Wearing the Pants
Envisioning a Female Commander-in-Chief

By Robin Givhan
Sunday, December 9, 2007

The mind, so easily distracted by things mauve and lemon yellow, strays from more pressing concerns to ponder the sartorial: How many pantsuits does Hillary Clinton have in her closet? And does she ever wear them in the same combination more than once?

The pantsuit is Clinton's uniform. Hers is a mix-and-match world, a grown-up land of Garanimals: black pants with gray jacket, tan jacket with black pants, tan jacket with tan pants. There are a host of reasons to explain Clinton's attachment to pantsuits. They are comfortable. They can be flattering, although not when the jacket hem aligns with the widest part of the hips (hypothetically speaking, of course). Does she even have hips?

And because Clinton seems to prefer crossing her legs at the ankle -- in the way girls were taught when girls were still sent to finishing school -- there is less likelihood of any embarrassing straight-to-YouTube video.

Women have come a long way from the time when wearing a pair of pants was considered "borrowing from the boys." So it would be highly regressive to suggest that the candidate is using trousers to heighten the perception that she can be as tough as a man. And yet . . .

This is a campaign in which gender stereotypes are being challenged even as the old assumptions are proving stubborn and resilient. Voters are being asked to envision something this country has never had: a female commander in chief. And the culture is gently roiling as audiences try to color in the outline of an XX president.

Is even considering the senator's clothes a kind of chauvinistic assault? Or is it merely the intellect trying to wrangle some sort of order out of the imagination? Oh, the tumult!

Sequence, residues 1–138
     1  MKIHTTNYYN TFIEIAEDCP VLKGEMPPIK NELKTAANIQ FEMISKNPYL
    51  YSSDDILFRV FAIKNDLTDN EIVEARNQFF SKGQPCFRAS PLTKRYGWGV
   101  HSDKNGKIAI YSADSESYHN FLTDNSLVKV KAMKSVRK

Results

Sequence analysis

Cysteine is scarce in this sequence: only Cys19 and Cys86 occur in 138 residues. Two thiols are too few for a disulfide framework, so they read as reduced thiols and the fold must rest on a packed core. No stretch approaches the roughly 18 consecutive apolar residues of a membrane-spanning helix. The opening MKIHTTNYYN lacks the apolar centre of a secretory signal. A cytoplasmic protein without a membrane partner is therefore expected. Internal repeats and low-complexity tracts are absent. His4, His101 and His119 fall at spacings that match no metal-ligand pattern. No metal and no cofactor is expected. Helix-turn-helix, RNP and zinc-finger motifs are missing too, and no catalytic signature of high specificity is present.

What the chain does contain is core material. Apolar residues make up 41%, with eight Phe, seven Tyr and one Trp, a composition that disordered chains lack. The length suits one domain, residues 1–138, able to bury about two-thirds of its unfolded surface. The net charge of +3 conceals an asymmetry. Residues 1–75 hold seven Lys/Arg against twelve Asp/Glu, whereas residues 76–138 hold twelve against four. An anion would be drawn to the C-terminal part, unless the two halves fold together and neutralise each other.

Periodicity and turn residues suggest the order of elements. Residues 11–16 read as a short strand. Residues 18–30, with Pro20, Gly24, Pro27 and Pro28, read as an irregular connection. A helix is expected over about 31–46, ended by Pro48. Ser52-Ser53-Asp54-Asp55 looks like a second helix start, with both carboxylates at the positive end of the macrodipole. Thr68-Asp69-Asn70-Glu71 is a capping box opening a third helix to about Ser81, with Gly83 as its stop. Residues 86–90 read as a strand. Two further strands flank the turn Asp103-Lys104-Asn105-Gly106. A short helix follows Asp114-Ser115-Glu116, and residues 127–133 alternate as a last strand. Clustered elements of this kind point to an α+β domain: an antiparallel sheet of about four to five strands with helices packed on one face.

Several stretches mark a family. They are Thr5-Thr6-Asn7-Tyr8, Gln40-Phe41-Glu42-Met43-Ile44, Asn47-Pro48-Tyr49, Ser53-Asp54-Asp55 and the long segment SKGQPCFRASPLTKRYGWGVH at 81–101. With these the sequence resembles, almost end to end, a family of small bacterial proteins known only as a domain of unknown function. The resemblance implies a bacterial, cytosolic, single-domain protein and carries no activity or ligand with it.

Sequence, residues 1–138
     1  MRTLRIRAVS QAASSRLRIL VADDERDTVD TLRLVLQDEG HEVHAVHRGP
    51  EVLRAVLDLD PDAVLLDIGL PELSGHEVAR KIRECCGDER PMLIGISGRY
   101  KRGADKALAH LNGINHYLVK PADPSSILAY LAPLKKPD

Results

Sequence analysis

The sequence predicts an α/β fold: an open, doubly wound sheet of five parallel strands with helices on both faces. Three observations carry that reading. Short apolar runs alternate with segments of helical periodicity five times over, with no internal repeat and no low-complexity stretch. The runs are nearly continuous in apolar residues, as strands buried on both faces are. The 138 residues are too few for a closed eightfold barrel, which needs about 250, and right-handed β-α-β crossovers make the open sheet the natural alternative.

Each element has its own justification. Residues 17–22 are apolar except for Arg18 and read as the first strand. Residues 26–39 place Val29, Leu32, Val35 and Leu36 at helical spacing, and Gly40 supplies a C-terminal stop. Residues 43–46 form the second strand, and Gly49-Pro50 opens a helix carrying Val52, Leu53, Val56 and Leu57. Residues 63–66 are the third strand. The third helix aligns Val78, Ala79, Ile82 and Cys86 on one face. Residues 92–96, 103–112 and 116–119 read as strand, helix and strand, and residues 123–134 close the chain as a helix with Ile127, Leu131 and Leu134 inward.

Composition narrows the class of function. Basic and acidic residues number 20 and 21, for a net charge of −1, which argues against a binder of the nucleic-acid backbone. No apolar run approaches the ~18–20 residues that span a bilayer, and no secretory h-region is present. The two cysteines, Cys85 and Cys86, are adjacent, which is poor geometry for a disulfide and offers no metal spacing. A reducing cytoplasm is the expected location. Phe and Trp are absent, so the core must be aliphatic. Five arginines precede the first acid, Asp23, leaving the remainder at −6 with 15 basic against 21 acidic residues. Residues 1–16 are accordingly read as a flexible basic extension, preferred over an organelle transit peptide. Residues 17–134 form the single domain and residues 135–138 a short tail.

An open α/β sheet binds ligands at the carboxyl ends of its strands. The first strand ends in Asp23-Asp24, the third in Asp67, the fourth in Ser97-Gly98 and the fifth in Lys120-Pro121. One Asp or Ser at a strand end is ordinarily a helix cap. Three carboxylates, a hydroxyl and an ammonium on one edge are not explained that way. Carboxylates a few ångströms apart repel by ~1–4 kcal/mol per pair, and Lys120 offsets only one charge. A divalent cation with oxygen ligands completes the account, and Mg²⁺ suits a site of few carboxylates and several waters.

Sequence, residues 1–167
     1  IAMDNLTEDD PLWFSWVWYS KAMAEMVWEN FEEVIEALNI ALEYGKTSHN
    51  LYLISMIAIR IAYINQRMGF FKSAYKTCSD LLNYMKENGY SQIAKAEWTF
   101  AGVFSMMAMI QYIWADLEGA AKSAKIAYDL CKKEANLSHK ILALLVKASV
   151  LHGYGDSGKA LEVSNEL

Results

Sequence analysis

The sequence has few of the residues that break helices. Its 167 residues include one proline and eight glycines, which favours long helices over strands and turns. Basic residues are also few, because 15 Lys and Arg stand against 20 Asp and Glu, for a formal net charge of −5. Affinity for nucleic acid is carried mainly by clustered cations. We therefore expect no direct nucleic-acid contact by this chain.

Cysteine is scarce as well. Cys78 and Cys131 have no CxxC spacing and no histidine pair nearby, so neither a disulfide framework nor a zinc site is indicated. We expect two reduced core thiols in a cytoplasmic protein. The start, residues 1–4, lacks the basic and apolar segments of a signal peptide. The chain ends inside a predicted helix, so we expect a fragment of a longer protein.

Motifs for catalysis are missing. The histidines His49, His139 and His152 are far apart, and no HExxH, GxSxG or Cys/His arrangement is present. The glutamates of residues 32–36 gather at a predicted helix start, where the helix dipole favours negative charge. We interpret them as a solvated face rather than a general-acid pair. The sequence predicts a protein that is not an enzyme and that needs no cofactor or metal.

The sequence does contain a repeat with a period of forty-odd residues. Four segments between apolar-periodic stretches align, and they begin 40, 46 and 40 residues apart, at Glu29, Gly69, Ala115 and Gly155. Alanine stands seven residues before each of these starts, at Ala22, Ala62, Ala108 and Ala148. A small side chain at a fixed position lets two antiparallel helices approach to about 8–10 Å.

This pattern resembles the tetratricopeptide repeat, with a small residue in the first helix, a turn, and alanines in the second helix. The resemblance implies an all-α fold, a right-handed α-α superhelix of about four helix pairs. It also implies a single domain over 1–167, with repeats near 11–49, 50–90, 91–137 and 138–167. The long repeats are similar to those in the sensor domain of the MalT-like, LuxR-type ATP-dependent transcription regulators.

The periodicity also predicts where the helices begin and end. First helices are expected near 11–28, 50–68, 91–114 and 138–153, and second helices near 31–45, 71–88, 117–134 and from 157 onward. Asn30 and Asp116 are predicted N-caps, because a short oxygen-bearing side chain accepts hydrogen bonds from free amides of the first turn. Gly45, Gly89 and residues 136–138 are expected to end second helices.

With the male candidates, the nuances of their attire matters: the fit of the suit collar, the color of the tie. But with Clinton, one must first get past distractions such as that pink blazer -- the one John Edwards didn't like so much -- before the details can be considered.

What would possess a woman to wear a jacket the color of a geranium in full bloom and then imply she doesn't want anyone to notice or comment on her clothes? Yes, a woman can still be taken seriously, viewed as tough and celebrated for her ideas even if she is wearing a sunshine yellow suit. But someone, somewhere, is also going to notice that she is dressed like a solar flare. Clinton is too smart not to know that.

Those are the color choices of someone who not only wants to stand out, but is happy to do so in a palette that is quintessentially feminine. Those are not the typical color choices of East Coast chardonnay swillers, for whom black is a symbol of sophistication and ┬┐lan. Bold colors are more common in the vast midsection and southern parts of the country. Clinton-the-human-color-wheel is wooing Ohio and Florida.

She also has made a clear visual distinction between herself as first lady and as presidential candidate. As first lady, she played to tradition, dutifully wearing skirts of an unflattering length and jackets shaped like a rectangle. But now it is not so far-fetched to believe that her wardrobe is a way of reminding voters that a woman can have as much peacock bravado as the boys.

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